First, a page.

Do you have medication in Africa?
There are medications in Africa—those imported from the West and those prepared along traditional lines. Even the West has come to realize that there are medical conditions that are handled better by traditional healing techniques, which they now call "alternative medicine," a term they would love to attribute only to Asian methods, but not yet to those African, as theirs are still considered black magic or the works of witch doctors. What double standards!
What is malaria?
Malaria is an illness caused by parasites transported by mosquitoes. They inject the parasites into the victim when they bite to feed on his or her blood. In my opinion, having experienced both, the symptoms are very similar to those of the flu. But, whereas malaria has medications that can attack it directly, with the flu one has only to rest and take in fluids, according to medical experts. This is also a requirement for treating malaria and nobody needs to tell the patient this, as his or her body simply becomes weak, causing the victim to want to spend time resting. And, yes, malaria is potentially fatal if left untreated.
What illnesses do you have in Africa?
In Africa, there are illnesses typical of the tropics—that is warm environments—such as typhoid, meningitis, malaria, and cholera. These illnesses are found all over in cities and in the countryside where the agents that spread them are present. Mosquitoes for example spread malaria and they can be found in the countryside as well as in the cities where there are standing bodies of water of any kind. It is the same with typhoid, which tends to be in areas where the drinking water might not be the best—this is the case in some cities and suburban areas. A list of tropical diseases can be found on-line. I think the most dreadful to the Westerner is malaria though, because of how it wiped out the earliest European invaders of the continent.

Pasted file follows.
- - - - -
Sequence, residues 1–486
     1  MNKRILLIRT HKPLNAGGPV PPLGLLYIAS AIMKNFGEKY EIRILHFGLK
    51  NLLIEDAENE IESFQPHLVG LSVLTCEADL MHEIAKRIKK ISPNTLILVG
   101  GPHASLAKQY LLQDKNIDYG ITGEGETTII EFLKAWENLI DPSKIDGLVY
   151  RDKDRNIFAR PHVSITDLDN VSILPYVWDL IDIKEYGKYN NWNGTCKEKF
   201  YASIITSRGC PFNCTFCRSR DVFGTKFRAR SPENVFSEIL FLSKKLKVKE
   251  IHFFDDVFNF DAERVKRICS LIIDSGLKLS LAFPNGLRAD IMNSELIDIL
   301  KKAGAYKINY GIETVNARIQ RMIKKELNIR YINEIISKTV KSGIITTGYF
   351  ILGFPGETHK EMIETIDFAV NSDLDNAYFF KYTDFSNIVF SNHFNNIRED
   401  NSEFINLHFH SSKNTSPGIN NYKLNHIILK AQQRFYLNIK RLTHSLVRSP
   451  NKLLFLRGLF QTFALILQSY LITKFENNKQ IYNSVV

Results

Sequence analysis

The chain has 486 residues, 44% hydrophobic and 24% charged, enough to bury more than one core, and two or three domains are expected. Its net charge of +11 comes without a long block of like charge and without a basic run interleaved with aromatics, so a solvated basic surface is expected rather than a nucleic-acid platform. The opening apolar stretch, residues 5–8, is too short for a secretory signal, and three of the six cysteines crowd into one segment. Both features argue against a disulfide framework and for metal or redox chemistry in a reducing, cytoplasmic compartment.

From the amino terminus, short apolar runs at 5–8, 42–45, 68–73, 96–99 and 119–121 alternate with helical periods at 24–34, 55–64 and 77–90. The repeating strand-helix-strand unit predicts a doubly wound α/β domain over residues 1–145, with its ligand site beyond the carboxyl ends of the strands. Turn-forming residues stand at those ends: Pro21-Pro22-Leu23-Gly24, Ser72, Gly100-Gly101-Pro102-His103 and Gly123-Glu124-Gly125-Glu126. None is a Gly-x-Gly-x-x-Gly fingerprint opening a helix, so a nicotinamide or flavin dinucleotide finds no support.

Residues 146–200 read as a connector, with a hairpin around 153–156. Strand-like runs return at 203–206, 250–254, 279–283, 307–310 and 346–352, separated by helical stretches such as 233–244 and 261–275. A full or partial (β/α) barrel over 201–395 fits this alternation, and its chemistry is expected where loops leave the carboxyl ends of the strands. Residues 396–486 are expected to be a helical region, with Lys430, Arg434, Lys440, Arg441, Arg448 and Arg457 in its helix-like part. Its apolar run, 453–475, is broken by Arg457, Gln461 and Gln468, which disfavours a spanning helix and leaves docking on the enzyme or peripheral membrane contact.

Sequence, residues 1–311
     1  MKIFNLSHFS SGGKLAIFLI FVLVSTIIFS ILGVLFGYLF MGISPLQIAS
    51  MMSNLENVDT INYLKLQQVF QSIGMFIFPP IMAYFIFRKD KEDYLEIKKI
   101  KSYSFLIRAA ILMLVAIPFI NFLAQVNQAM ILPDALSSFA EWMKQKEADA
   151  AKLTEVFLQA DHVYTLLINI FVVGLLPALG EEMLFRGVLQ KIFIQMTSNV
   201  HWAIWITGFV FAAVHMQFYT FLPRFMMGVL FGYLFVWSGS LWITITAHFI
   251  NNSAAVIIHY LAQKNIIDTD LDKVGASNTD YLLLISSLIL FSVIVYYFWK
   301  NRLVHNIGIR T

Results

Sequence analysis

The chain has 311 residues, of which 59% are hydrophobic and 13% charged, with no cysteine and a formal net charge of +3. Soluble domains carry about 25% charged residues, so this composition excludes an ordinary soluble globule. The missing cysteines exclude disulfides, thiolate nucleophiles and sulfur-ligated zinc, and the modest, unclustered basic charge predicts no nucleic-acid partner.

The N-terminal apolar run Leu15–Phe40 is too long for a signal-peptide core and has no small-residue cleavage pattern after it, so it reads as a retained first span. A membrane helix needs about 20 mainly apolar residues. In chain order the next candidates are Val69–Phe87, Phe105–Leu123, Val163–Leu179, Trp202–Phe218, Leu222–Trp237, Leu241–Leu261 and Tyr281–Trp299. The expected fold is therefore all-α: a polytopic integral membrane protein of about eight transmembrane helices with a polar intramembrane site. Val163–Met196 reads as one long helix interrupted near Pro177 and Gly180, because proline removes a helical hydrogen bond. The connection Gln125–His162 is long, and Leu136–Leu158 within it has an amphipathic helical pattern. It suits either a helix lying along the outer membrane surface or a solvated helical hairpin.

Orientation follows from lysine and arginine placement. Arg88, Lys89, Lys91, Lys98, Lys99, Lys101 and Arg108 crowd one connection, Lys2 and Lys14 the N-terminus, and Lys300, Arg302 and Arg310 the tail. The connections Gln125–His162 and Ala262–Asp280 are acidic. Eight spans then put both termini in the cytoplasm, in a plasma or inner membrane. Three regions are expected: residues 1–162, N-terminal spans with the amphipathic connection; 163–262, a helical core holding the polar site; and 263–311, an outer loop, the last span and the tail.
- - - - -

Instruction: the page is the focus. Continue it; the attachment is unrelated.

Are Africans concerned about their weight like we are here in America?
Because most of Africa has a walking instead of a driving culture, weight is not that much of an issue as the people do exercise intentionally or otherwise by simply going about their routine daily activities. A private car is more expensive to own and maintain, as opposed to taxis that are operated by rich, or more financially viable, proprietors who can easily afford the cars. Like in parts of Europe, owning a private car in Africa is considered a thing for those who are financially well off. This is the case because it is cheaper to ride a taxi when that occasional need arises. The result of this is that even those with cars prefer driving into the urban areas, parking their car somewhere and then going about on foot. Going about on foot is considered an opportunity to meet with friends and probably earn a bottle of beer or more while chatting over the issues of the day. With these life patterns, exercising becomes a natural phase in the daily schedule of the African, thereby eliminating weight problems. Again, there is the cultural perspective which believes that being slightly overweight is indicative of affluence such that some people do all they can to gain some weight. This is typical of men, though. It is not surprising then that it is a compliment in most of Africa to observe that a person is gaining some weight, an expression that will certainly leave an American in a state of shock.
Are illegal drugs common in Africa?
There are some illegal drugs in Africa, but this problem comes nowhere near what the situation is in other parts of the world. The most common drug is marijuana, which some idle young people and those in certain walks of life, like the entertaining industry, love smoking. Cocaine, too, is beginning to gain ground, but it is still strange to most people who prefer getting simply drunk to anything else if they need to feel high.